His health is also a concern. A bad back -- Hamlin has been undergoing rehab and has had injections for torn and bulging discs -- kept him out of a practice session and the Nationwide Series race at Daytona. It didn't sideline him for the Cup race, though being part of a 14-car wreck likely didn't help his condition. He's clearly put last year's troubles behind him, but with a back issue and his recent drop is anyone ready to say he'll win multiple races in the next two months?
All trips to restrictor-plate tracks aside -- Johnson was 35th at Talladega and 36th in the second trip to Daytona, both DNFs -- it's been the No. 48 team at its best over the past three months. In that span, Johnson has two wins (plus the non-points All-Star Race), five more top-5s and two sixth-places. Those superspeedway efforts would be more concerning if they weren't a result of a blown engine ('Dega) and a chain-reaction wreck (Daytona) and if there were a restrictor-plate race left on the regular season schedule.
What remains are three tracks where Johnson's already finished in the top 10 this year (Bristol, Michigan and Pocono), two where he's won three times (Indianapolis and Richmond) and two others where he has a career average finish of 10.0 or better (Atlanta and Loudon). If you're looking for a weak spot, he's horrible at Watkins Glen, posting his last top 5 there five years ago. It wouldn't be surprising to see Johnson, Chad Knaus and Co. lay down the gauntlet with a few more victories before the Chase opener at Chicagoland.
The One-Race Winner Wild-Card
OK, so picking the guy who's been either first, second or third in the points standings for 14 weeks, including the last five at No. 1, isn't going out on a limb. What separates Kenseth from the other group of one-race winners, Greg Biffle, Clint Bowyer, Kyle Busch, Dale Earnhardt Jr., Kasey Kahne, Joey Logano and Ryan Newman, is the consistency with which he's been in the running for the victory late in races. Twelve times he's run in first, beating out his nearest competitors Biffle (10) and Junior (nine), and he leads the series with 12 races in which he's run laps in the top 15 at least 91 percent of the time. But Kenseth has serious ground to make up if he's going to seize the top seed for the first time since 2006, which coincidentally was the last time he won four races, which is what it would likely take to do it again.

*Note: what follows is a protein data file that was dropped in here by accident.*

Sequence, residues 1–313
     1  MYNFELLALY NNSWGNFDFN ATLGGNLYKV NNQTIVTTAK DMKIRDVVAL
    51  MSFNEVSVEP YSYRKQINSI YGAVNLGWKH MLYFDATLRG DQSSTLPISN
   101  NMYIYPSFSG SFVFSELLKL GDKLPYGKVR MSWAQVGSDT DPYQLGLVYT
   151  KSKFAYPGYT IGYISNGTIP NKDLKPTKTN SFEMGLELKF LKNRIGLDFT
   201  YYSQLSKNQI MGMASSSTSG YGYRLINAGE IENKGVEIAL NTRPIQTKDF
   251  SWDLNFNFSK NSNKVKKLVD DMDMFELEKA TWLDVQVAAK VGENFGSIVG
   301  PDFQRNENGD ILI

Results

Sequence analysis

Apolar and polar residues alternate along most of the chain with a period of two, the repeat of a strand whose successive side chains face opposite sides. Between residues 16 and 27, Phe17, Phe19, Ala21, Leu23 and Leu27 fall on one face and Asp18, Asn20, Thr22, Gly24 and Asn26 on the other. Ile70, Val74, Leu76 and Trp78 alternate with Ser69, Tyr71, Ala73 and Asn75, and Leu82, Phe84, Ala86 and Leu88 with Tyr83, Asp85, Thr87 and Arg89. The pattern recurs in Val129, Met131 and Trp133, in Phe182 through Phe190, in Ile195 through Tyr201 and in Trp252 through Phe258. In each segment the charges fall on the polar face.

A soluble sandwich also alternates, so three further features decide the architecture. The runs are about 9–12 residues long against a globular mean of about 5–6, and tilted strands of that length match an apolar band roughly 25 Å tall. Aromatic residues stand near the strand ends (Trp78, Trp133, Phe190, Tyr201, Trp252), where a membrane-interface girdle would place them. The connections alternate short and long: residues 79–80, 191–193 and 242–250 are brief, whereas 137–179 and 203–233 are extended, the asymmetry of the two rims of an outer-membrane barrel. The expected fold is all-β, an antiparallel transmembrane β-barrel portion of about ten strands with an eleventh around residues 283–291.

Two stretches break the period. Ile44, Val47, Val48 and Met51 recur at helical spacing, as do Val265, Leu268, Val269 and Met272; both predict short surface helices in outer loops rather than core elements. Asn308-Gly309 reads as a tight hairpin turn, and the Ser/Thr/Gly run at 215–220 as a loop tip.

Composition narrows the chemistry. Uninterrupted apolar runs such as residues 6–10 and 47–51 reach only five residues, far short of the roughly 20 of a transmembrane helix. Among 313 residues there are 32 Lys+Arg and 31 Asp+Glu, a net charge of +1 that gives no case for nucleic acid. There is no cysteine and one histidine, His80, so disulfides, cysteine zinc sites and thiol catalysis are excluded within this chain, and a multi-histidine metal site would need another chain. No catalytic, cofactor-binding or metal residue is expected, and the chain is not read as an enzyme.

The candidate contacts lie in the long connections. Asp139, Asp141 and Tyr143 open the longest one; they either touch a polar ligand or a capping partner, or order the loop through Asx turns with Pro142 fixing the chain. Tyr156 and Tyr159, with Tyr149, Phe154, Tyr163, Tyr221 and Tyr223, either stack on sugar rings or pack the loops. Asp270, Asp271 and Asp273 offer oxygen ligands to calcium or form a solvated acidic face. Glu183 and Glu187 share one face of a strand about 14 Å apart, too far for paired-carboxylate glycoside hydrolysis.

Sure, the status quo could hold firm, giving us Keselowski and Stewart sharing the top line. But it's not likely. The smart money is on this coming down to either Johnson, who has nine wins over races 19-26 in his career and 15 on the upcoming eight tracks, while Stewart counters those figures with 12 and 20, respectively. But the driver most likely to be atop the standings heading into the Chase opener is Stewart. He's already in the driver's seat, and with his two best tracks -- Watkins Glen, where he has a career-best 7.1 average finish, and Indy, where he's not far behind at 8.1, remain -- still ahead, he'll be tough to keep out of at least a share of the No. 1 seed.
The defending champ should start the '12 Chase where he ended the '11 version: atop the standings.
Johnson. As stated above, I expect him to make a push for the top seed and he'll give himself a boost at New Hampshire. He has more points than anyone over the last 10 races at the Magic Mile and has finished lower than ninth just twice and has one victory, in 2010, in that span.